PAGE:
The new crop of boxing stars is young, fresh, and—most importantly— have wildly divergent styles. A division full of knockout artists or sweet scientists would lull an entire generation to sleep. In fact, in the days when Bernard Hopkins v. Winky Wright was considered a PPV-able event, their division did just that. Against Cotto, Trout proved in the name of his generation that it was time to move on, and I, for one, am ready to listen. In two days when Pacquiao goes into the ring to fight the same fight he has been fighting for half the time I have been alive, I will happily watch whatever mediocre rerun of Saturday Night Live or 30 Rock is on that night. I feel no sense of loyalty to the robber barons that think I’m not smart enough to realize Manny Pacquiao-Juan Manuel Marquez is a sham. But having watched Cotto pass the torch onto Trout, with Alvarez’s supernova talent waiting in the wings for his shot at unifying a title, I’m ready to give boxing—real boxing—my undivided attention.

Frances “The Fight Chick” Martel

COMMENTS

  1. Welcome back Frances, love reading your column. I hope we can see more coming.

    THE BRONX BOMBER on December 6th, 2012 at 3:54 PM
  2. good article chick….i mean fight chick!

    migs on December 6th, 2012 at 4:05 PM
  3. Welcome back Fight Chick!

    John Signorella on December 6th, 2012 at 4:53 PM
  4. I guess welcome back or maybe we’ll see. The welcome is if you have come to grips with calling Marvin Hagler “bland”… Look at the first round of Pedro’s 15 greatest rounds and after that tell us you think Hagler is still bland. As for Trout, I think he is very good and he met a badly shopworn Cotto. I think that Cotto should call it a career, and a very good one it was!.. He has plenty of money, good real estate investments, a great family, etc… Time to stop taking so many punches. I’ll make you a deal. I’ll stop calling you the “fright chick” if you do a turn around on Hagler. He was a lot of things but bland wasn’t one of them……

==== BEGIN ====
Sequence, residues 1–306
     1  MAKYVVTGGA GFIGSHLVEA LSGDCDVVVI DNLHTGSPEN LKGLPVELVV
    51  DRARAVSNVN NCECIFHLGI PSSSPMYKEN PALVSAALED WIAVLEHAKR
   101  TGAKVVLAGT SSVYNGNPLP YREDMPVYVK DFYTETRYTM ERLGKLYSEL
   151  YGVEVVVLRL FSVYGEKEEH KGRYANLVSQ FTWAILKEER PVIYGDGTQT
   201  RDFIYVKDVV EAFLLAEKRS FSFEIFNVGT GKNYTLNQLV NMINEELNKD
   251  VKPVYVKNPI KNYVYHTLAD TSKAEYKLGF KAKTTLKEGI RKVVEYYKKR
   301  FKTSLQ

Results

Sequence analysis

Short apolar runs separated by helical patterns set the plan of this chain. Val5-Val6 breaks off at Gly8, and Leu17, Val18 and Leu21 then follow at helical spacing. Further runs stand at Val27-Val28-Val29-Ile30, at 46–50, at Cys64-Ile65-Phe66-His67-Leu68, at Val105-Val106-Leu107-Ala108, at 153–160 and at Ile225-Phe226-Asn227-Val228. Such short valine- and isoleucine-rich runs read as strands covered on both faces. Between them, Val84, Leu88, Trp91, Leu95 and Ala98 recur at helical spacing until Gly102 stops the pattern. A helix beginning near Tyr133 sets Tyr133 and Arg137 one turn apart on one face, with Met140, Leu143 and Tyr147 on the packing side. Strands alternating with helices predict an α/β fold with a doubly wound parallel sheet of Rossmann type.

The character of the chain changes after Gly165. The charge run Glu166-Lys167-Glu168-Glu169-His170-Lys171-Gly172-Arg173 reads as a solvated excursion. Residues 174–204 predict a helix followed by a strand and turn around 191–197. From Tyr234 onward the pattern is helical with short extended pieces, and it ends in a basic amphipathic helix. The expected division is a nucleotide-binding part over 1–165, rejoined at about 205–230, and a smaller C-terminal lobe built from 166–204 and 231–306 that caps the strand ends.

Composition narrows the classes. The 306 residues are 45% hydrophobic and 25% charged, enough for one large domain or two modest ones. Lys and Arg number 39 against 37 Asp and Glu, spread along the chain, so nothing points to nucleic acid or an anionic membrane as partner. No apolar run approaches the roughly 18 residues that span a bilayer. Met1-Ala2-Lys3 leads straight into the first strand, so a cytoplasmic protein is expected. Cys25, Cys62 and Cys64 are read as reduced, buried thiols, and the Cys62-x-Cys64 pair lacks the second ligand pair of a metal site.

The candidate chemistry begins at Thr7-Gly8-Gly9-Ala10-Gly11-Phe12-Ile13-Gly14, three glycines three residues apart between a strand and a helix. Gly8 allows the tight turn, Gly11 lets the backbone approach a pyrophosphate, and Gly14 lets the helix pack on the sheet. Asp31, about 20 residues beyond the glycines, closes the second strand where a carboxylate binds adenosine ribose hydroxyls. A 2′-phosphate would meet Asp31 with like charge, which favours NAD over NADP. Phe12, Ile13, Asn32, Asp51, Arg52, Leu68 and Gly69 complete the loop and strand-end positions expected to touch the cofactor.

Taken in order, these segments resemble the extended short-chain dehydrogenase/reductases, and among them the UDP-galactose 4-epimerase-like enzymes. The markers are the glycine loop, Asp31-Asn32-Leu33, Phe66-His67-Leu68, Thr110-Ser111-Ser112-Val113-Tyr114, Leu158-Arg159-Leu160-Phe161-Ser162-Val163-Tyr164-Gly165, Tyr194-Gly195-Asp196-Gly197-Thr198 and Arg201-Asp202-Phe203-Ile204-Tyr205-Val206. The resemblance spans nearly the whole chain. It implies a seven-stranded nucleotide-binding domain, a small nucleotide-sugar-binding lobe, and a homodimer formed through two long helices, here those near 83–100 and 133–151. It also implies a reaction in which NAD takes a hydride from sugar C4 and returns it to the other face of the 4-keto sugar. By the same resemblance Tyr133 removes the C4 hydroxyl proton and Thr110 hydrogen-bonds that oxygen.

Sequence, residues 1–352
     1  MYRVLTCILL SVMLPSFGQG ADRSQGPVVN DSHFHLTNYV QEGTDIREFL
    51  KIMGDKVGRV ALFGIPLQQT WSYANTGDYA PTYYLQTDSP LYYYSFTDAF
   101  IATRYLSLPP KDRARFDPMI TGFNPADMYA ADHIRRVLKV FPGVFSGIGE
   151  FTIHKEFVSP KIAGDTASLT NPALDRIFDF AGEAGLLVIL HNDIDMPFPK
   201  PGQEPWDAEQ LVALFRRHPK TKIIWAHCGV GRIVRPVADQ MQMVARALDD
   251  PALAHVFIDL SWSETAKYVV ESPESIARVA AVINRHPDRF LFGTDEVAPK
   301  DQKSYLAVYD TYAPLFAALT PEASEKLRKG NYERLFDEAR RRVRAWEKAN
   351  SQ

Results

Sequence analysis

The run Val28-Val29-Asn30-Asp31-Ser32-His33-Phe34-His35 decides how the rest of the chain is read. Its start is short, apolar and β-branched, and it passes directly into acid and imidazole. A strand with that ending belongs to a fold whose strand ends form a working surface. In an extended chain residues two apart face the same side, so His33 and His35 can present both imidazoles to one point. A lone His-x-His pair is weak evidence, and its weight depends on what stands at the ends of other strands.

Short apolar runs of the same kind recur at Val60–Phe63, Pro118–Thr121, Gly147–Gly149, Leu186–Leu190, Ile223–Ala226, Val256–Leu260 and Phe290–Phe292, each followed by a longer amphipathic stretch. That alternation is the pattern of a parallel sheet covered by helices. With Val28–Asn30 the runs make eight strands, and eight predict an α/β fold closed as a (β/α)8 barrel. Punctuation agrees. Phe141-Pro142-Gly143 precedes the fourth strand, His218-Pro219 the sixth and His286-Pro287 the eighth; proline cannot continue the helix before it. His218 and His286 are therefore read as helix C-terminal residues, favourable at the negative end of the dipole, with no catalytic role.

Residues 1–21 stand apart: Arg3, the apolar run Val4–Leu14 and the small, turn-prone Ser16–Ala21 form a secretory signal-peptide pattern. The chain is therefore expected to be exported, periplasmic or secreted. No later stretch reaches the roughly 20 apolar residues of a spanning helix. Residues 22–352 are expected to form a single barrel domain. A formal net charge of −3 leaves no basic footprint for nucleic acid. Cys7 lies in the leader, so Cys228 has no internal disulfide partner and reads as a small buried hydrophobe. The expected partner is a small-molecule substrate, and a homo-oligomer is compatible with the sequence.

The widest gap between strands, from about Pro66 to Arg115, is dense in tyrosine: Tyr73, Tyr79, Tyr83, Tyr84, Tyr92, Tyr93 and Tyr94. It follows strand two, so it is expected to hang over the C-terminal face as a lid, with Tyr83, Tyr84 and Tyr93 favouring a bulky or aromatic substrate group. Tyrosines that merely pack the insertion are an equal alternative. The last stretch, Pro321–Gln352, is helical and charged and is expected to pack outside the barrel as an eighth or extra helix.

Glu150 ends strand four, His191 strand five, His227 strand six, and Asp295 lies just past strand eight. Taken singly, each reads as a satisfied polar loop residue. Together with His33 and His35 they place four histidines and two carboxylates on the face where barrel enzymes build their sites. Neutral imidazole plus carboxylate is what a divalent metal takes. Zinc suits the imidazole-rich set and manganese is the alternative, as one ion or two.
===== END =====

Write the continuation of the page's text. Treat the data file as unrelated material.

Dick"The Mick" on December 7th, 2012 at 11:13 AM
  5. Glad to see you back Fight Chick. Keep ‘em thinking.

    SKERGE

    SKERGE on December 7th, 2012 at 1:48 PM
  6. I see were you are coming from Frances, but Marquez is no AARP candidate by your logic blazing fast Sergio Martinez (38 on feb) who just schooled a 26 year old is ancient, which obviously is not the case. Marquez at 39 is a better fighter than 95 percent of the sport’s younger competitors. Cotto has seen better days, but can still sell ppvs, Trout cant say the same he is a young hungry champion, but in no way more accomplished than miguel was in 2007. Yes the boxing world mourned Cotto because Cotto deserved so, perhaps someday when Trout is pummeled down we will mourn him too, but with modern nutrition fighters are peaking in their 30s, so yes AARP candidate Sergio Martinez would smash Trout now, its always sad when a beloved fighter is defeated because he is past his prime, because it doesnt necesarily mean that he was beaten down by a greater fighter but by age and mileage, in pfp sense a Prime Cotto ranks much higher than a Prime Trout. Boxing is ciclical yes, some day Martinez too will hit the end of the road, Trout will have a chance to state his case for greatness in the coming years, as will Golokvin who might have an easier time in becoming a star because he is explosive. Trout didnt set the boxing world on fire with his workman like performance over a man he outsized and was at 80 percent of what he once was. But hopefully he gets his chance against Canelo, who does have more ‘star’ potential than any 154 pounder in the world which is why he is protected. The point is Frances, every time a real star is beaten by father time or ring wars the boxing world will mourn and rightfully so no one likes when good things come to an end, as we are reminded of our own mortality by their down fall…

    Zian on December 8th, 2012 at 4:04 PM